This new approach not only reduced mortality rates among patients, they also suffered less complications, and they needed fewer repeat interventions. The mortality rate dropped from 2.3 to 1.0 per cent within 120 days after a bypass intervention, and from 3.1 to 2.0 per cent within one year. The rate of reinterventions decreased from 5.0 to 3.2 per cent. Every year approximately 1000 patients undergo a bypass procedure at the Catharina Hospital.
And this is not only good news for the patient. It is also the hospital and the health insurers who benefit, as complications and reinterventions tend to be costly.
According to Van Veghel, to get this practice really off the ground, it is essential that healthcare providers and insurers put the outcome for patients at the center of the agreements they make with one another. He has drawn up a number of new models that help all parties involved to focus on what is important for the patient.
In the current system, hospitals tend to get less funding if they are successful in reducing the number of reinterventions. They are also no real incentive to improve the care in the whole chain of care.
The researcher proposes an alternative model, which makes the hospital performing the bypass responsible for the long term results, even after the patient has left their care. This encourages hospitals to seek quality improvements with doctors who take over from them in the recovery phase. Especially in complex interventions like bypasses, patients often spend only a limited time in the center that performs the surgery. Aftercare is usually provided in a hospital closer to the patient’s home.
VBHC holds much promise, says Van Veghel, since the methodology can act as a guide for policy decisions, for instance in determining the value of technological innovations at an early stage. He also sees an increasing role in VBHC for Artificial Intelligence, because it can provide much smarter data analysis.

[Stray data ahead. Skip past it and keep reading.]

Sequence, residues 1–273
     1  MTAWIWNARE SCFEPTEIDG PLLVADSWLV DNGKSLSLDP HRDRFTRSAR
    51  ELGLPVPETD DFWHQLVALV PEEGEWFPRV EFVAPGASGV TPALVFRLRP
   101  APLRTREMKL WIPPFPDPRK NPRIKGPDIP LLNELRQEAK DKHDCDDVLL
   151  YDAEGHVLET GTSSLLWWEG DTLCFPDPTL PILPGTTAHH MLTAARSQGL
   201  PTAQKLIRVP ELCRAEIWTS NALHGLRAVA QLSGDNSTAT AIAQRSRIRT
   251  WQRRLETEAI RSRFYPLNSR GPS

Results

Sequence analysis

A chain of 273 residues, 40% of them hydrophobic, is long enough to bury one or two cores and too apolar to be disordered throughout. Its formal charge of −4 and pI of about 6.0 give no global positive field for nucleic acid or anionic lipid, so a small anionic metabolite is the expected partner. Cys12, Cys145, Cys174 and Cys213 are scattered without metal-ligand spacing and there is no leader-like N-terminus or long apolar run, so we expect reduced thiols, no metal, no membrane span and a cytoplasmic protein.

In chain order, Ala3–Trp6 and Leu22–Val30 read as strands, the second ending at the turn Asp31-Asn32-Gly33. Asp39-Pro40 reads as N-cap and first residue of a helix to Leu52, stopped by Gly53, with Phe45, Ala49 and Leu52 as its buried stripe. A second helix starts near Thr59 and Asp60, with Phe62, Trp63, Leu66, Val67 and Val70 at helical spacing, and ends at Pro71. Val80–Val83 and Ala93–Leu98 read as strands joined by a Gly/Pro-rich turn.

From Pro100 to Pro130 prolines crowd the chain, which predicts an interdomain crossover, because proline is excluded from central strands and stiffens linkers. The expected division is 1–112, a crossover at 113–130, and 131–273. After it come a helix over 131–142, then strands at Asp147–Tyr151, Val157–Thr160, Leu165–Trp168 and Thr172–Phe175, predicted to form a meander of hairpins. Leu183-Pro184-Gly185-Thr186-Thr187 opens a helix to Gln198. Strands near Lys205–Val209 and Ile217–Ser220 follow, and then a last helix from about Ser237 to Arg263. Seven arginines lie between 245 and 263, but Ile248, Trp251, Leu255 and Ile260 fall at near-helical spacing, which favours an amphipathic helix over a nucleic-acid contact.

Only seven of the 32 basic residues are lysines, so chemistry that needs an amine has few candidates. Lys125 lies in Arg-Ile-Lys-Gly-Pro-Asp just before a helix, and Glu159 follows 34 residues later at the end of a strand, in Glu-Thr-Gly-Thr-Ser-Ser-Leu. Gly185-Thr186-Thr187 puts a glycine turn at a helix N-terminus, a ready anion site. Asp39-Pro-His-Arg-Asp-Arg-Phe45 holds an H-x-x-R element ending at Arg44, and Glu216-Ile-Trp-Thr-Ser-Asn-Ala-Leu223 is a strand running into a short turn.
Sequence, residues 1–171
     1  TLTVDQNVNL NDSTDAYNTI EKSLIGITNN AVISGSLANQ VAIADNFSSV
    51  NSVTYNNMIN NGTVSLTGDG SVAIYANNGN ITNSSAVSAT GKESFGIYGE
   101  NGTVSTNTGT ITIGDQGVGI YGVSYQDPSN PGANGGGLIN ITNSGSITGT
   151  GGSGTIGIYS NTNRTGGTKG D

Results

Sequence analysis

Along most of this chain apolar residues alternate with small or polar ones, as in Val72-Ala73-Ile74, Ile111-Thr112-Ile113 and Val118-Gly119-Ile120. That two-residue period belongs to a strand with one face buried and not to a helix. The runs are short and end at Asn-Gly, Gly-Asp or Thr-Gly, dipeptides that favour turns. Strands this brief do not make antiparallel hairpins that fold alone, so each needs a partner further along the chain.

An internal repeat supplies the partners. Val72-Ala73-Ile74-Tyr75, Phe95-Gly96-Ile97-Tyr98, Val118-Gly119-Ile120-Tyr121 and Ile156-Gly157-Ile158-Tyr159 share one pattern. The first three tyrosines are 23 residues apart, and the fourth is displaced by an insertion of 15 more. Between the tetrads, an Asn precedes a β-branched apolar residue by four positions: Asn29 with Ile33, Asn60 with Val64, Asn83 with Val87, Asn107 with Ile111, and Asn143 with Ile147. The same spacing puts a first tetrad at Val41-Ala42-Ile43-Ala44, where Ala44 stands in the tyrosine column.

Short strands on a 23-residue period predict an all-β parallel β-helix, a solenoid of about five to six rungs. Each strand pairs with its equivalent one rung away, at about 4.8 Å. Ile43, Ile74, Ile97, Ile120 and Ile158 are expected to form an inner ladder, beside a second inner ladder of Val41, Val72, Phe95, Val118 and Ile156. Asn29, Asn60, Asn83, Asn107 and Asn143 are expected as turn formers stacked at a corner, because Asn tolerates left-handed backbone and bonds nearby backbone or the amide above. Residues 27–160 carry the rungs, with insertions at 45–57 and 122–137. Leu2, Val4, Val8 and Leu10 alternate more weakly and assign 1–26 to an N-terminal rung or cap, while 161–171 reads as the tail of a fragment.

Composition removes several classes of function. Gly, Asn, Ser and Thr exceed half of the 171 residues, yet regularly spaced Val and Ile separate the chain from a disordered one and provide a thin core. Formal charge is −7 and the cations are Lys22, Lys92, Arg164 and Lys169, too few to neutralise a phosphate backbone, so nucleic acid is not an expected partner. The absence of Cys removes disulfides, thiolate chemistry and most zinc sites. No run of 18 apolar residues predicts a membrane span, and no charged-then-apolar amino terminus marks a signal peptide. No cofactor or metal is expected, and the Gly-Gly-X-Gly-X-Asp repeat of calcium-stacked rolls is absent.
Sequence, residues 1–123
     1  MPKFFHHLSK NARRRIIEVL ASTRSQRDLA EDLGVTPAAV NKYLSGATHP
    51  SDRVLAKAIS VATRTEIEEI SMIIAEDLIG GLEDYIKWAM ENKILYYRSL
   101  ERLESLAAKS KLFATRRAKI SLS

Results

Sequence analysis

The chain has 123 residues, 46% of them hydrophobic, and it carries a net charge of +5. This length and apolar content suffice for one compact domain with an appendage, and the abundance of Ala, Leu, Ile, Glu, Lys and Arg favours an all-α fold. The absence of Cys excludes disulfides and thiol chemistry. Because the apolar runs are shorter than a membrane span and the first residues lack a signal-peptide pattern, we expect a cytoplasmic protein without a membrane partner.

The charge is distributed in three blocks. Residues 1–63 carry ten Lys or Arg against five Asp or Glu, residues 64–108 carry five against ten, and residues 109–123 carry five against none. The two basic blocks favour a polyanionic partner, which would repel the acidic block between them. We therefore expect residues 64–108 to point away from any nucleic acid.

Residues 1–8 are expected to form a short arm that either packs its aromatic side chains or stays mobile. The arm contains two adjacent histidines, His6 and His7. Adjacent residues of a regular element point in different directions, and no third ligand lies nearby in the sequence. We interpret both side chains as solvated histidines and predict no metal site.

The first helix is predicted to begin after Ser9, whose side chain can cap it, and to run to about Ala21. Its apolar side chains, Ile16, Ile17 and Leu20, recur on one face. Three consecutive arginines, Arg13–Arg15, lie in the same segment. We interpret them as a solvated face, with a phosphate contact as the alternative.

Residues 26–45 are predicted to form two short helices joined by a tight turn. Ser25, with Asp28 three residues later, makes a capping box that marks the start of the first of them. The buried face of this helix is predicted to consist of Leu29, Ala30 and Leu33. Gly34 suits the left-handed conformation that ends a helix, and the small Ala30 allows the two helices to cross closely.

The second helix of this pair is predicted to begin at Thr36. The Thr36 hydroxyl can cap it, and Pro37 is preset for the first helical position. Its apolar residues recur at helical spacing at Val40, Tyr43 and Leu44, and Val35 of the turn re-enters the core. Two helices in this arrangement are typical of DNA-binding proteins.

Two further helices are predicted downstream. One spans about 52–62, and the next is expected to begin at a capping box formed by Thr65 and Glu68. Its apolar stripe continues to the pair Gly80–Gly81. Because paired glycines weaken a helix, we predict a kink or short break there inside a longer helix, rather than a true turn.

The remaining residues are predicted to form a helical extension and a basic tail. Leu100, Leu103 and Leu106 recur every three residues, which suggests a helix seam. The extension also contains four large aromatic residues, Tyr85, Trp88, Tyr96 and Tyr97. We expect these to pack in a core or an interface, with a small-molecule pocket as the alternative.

Related articles (Dutch only)
For the neurodevelopment of premature babies, hearing the continuous beeping sounds of alarms is unhealthy. Further, Joshi, who analyzed millions of alarms from two neonatal intensive-care units (NICUs), discovered that three quarters of these alarms do not provide any relevant information for nurses. Among other things, he developed algorithms that can help in triggering only useful alarms, while still ensuring that the vital functions of the premature babies are safely monitored.
The researcher used machine learning for this purpose. Machine learning algorithms build a mathematical model based on data, in order to make predictions or decisions. For example: algorithmically recognizing whether changes in vital signs are pathophysiological or innocent? The arithmetic models used by Joshi can link physiological changes to previous situations and use them as a basis for setting off an alarm or not.
This research shows how data driven solutions and algorithms based on machine learning can optimize clinical decision making and improve the workflow within NICUs. A contactless monitoring solution that was also developed by Joshi offers new ways of reliable monitoring, which are both comfortable for premature babies and a source of new physiological information. Finally, his research provides quantitative and visual evidence of the benefits of parent-baby bonding. Within Philips Research, Joshi is working on the same topics. The ultimate goal is: silent intensive care units (silent ICUs).
In addition to Joshi’s promoters, Máxima MC, Philips Research and e/MTIC were also involved in this research. e/MTIC is a collaboration between TU/e, Philips, Máxima Medical Centre, Catharina Hospital and Expertise Centre Kempenhaeghe. This should lead to more technical innovation in healthcare. Within the consortium, about one hundred TU/e PhD students are working together with a similar number of experts and scientists from TU/e, the hospitals and Philips. Over the past 15 years, the parties have been working bilaterally on projects with different focus areas. The partners expect that the intensive cooperation between clinic, science and industry will considerably shorten the development time of research as a result for the patient.
Joshi's research has appeared in the media several times in recent weeks: he was interviewed by NemoKennislink [Dutch only], Smarthealth [Dutch only] en NOS [Dutch only]. TU/e also paid attention to his research (English).